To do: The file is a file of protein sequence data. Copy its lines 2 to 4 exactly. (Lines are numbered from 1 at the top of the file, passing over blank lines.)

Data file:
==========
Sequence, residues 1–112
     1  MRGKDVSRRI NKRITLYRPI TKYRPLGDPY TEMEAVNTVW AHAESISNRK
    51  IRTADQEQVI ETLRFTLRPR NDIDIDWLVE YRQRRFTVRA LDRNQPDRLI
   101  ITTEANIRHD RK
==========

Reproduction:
     1  MRGKDVSRRI NKRITLYRPI TKYRPLGDPY TEMEAVNTVW AHAESISNRK
    51  IRTADQEQVI ETLRFTLRPR NDIDIDWLVE YRQRRFTVRA LDRNQPDRLI
   101  ITTEANIRHD RK